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Notes on Books – A Short History of European Law: The Last Two and a Half Millennia, Tamar Herzog

A Short History of European Law: The Last Two and a Half Millennia, Tamar Herzog.
See below for details of the book and about the author.

I have not taste for reviews of books in a general sense. I don’t want to read of plot or what the book is about. Nor do I  in a general sense like the academic writings of books, the critical analyses.

In calling this post Notes on Books this allows me to make jottings without a call to be coherent and, even more importantly, without any necessity of a narrative.

Instead what I intend to do is to mention some of those passages of the book that strike in a particular way within a particular context. This sound more ambitious than I think I will be able to be. Still. I don’t have the book in front on me which allows me to not be sidetracked. After all, should I wish to I can write a future post of more substance or come back and elaborate on this post. Or do neither of these and leave well alone.

Let’s us first mention some of the defiiciences of her writing. By far and away the most significant of the omissions for a person writing about the History of Law in Europe and beginning at its origins. Now you could argue that she is only concerned with development on the European mainland. But Greece is that. To have not explored the beginnins of law in Greece is a major omission. Should you writing about origins then you have to acknowledge the fact that all law, codified law of any kind, has in gemination in Sumer and the Sumerians. There are many such examples. Another is the lack of mention of Law Merchant.  You could argue that the emergence of this body of law is not significant in the history of European I am at a loss as to how you might say that. Quite apart form the set of laws upon the general body of law is the fact that this set of laws, Law Merchant, allowed the development of merchant activity throughout Europe. The contribution of those merchants, those that formulated the law set, to the development of Europe as a place where these was a significant network of shared practices and of commerce and trade. Our present economic system owes a very great deal to their activity and to the fact that, through Law Merchant, that they could work as a unified group with the ease of being able to trade and exchange goods and of course, the exchange of monies. The extent of the impact of all theses development is both wide and deep.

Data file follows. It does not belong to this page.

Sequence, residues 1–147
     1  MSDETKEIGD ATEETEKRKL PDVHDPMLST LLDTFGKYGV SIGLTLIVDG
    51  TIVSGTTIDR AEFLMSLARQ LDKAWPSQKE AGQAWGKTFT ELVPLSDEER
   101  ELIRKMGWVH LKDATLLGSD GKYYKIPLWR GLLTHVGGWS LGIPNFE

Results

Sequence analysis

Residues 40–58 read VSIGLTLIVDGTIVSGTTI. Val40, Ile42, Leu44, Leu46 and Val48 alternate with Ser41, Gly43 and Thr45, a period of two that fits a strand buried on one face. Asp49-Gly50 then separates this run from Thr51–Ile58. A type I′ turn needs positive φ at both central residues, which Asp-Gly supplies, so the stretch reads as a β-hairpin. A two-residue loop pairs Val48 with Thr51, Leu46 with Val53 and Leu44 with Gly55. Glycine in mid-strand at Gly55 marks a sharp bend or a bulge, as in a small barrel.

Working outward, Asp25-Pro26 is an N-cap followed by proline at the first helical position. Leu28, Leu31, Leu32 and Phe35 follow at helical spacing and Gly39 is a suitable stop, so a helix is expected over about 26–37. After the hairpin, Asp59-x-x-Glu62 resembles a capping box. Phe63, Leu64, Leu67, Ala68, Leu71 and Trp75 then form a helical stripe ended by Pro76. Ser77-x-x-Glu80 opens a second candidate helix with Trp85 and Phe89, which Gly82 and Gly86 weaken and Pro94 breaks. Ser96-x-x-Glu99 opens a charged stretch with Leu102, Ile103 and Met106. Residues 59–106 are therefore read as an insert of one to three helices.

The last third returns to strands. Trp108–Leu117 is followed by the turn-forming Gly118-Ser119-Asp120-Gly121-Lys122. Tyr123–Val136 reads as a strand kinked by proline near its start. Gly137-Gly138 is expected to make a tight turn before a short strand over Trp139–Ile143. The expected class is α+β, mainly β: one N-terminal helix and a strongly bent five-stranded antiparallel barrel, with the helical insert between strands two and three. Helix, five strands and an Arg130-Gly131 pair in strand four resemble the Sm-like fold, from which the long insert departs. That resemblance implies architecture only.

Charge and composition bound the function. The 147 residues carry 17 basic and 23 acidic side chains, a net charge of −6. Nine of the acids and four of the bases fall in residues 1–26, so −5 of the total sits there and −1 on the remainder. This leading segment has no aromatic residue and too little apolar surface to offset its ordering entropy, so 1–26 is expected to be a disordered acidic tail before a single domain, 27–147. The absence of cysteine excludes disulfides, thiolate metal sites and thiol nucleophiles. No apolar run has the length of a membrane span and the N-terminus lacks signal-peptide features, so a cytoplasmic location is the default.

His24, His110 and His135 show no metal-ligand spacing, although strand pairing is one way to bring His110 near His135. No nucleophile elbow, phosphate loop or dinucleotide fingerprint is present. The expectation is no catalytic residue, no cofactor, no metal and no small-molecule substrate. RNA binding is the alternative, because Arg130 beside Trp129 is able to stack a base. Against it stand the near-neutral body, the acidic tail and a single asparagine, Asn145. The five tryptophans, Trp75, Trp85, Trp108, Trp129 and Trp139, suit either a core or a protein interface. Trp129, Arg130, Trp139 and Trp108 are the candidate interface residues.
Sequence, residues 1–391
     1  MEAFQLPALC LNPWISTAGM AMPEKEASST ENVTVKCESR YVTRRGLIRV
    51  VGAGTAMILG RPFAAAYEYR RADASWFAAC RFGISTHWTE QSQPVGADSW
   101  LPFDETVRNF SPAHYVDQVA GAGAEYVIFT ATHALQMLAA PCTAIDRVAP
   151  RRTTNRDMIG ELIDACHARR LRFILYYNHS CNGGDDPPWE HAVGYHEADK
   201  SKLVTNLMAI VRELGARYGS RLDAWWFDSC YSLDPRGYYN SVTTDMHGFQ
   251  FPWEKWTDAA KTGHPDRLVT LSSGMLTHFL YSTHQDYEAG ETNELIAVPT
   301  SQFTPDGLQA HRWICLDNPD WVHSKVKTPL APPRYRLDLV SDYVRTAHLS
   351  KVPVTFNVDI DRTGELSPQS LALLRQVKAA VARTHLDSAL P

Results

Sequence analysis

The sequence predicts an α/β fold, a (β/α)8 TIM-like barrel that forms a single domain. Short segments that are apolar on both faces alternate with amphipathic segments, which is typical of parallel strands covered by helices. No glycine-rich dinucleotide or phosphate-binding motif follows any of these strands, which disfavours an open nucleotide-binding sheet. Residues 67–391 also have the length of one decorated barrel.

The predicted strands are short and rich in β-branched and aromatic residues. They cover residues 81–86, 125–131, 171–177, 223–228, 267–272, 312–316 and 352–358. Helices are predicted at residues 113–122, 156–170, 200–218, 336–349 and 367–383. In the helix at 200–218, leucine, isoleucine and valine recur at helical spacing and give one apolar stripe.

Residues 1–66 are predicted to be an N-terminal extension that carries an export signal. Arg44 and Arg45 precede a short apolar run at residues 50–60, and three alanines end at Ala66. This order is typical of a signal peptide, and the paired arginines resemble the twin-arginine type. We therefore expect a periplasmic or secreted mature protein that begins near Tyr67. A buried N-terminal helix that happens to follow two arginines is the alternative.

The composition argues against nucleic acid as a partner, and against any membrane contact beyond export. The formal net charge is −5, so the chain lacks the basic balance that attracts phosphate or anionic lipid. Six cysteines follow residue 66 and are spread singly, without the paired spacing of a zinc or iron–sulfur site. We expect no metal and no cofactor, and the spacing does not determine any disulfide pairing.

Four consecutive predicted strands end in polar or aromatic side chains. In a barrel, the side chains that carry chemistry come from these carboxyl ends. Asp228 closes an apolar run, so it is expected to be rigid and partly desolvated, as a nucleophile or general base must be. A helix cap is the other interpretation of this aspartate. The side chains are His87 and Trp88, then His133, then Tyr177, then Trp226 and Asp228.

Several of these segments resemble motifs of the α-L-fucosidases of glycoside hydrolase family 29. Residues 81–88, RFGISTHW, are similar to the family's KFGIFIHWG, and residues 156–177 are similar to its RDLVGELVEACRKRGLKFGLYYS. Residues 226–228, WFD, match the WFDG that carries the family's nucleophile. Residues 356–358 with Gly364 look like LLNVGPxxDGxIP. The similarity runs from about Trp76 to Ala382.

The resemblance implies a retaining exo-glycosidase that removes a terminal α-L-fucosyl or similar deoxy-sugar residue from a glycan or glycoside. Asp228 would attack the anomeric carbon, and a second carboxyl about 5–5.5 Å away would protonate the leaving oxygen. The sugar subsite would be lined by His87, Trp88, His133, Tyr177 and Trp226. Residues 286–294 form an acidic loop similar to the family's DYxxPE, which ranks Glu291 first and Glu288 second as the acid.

Before leaving talk of Law Merchant, one has to nod towards the fact that their activities in Italy, where the coherence of the practices in which they engaged in was first manifested. Not least of the impacts of this is the riches that the efforts on their part made the Renaissance possible and led, among many, many other outcomes to what we now refer to in a backward sense to the Glory of Venice, the epitome of the results of what these merchants did.

Before I move off the continent of Europe, let us mention the most glaring of Harzog’s missing pieces and that is the lack of mention of Hammurabi’s Code. To have not mention this set of Codes of Laws when writing a book about about the development of bodies of law in Europe is akin to writing about Ancient Egypt and not mentioning the pyramids. Or writing of the colonisation of the Americas without speaking of Columbus.

The absence of mention of an event so fundamental the foundation of European law is breathtaking in its impact on this reader.

There are many aspect of the book to admire. Since this post is intended to be short one can only make short mention of some of these.

Her writing, though not without significant faults, has a structure which is striking. For the most part she begins many sections and paragraphs by asking a set of questions and then says that she will go on to attempt to answer them. Which she does sometimes and on other occasions does not.

The impact of the book on me is very great. Which of course what drove me to write at least some comments about the book. To leave this post open I will simply say that law, as written by Herzog, is a set of concepts which developed greatly as time went by.

I shall finish up by mentioning a personal impact on me as a citizen.

I grew up in both Scotland and England where the body of law is referred to as Common Law. Since living outside the UK, I have frequently hear others say or have read of how admirable English Common Law is. What I gained as an individual is an understanding of at least some of the words which are grist to Common Law’s mill. All those words I heard, simply accepted and never thought for a moment of their origins or their meaning with the whole of what English Common Law constitutes.

I may read parts of the book a second time, something I never do. 

Malcolm D B Munro
Wednesday 17 January, 2018

Further information

  • Hardcover: 296 pages
  • Publisher: Harvard University Press (January 8, 2018)
  • Language: English
  • ISBN-10: 0674980344
  • ISBN-13: 978-0674980341
  • Product Dimensions: 6.4 x 1 x 9.4 inches

About the Author: Tamar Herzog, born 10 April 1965 in Israel, is a historian and Juristist and is  Monroe Gutman Professor of Latin American Affairs and Radcliffe Alumnae Professor in the History Department at Harvard University, and Affiliated Faculty Member at Harvard Law School.

Filed under: Culture

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Filed under: Arts, Culture, history, Media, Memoir, Music, poetry, politics, songs, stories

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